It’s been a while since I mentioned it here, but I grew up in the southern part of Louisiana. Not terribly near the coast, but still way down south. Most folks have left the coastal areas now, and that’s a good thing. The next 12 to 24 hours are going to be very rough, as hurricane Gustav makes landfall somewhere near Houma, Louisiana. It’s not all that far from where Katrina made landfall three years ago this week. Though for levees, settlements, floods and homeowners, a small change can mean a decisive difference.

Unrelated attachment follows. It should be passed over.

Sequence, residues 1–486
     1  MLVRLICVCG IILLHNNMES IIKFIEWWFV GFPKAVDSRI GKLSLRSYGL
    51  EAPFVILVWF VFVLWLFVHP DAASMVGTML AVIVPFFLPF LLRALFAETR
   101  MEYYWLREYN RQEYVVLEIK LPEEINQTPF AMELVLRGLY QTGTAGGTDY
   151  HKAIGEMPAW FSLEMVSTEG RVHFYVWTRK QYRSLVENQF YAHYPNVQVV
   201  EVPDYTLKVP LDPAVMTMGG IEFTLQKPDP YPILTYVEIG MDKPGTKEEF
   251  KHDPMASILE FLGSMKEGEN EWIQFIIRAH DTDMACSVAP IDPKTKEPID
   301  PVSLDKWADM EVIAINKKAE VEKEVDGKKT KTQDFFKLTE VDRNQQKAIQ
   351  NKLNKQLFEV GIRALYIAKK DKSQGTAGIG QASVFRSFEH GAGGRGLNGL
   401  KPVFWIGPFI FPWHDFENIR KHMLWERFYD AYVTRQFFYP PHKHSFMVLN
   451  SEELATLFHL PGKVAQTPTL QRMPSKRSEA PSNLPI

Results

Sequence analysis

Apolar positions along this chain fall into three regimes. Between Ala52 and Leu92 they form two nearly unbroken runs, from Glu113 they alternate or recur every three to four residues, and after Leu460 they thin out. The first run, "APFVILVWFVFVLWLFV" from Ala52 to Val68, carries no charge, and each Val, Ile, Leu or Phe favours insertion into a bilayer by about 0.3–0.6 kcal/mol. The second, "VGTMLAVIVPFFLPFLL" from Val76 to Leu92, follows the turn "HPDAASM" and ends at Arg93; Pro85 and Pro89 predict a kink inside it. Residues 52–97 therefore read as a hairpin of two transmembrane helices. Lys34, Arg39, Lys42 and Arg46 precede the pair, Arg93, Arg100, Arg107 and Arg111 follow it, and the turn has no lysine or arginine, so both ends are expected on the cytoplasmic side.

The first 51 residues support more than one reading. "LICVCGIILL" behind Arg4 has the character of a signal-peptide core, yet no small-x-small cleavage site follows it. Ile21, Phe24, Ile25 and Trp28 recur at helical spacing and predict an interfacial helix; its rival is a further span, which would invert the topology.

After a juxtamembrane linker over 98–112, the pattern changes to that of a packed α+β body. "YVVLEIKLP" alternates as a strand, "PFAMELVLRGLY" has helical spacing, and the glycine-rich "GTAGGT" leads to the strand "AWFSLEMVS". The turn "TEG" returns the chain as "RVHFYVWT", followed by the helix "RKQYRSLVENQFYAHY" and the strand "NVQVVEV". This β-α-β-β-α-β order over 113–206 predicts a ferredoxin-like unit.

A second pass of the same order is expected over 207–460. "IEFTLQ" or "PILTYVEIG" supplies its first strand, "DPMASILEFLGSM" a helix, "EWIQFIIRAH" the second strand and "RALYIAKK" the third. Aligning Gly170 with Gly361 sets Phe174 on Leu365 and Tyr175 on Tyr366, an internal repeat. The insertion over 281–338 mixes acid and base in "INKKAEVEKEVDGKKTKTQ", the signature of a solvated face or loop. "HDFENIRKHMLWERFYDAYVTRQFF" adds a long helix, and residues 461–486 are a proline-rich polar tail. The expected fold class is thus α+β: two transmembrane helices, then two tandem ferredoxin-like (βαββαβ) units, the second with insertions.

For our readers who don’t have an immediate mental geography of the southern United States, the diameter of the red area (this a radar image, so the red indicates very bad weather conditions indeed) is about 200km. The top sustained wind speeds will be over 190 kph (about the speed that Mercedes was going when it made your car shake as it whooshed past on the autobahn), with gusts up toward 240 kph (good cruising speed for a TGV). Katrina is fresh enough in people’s minds that compliance with the evacuation call was very good, but this could still be a devastating storm.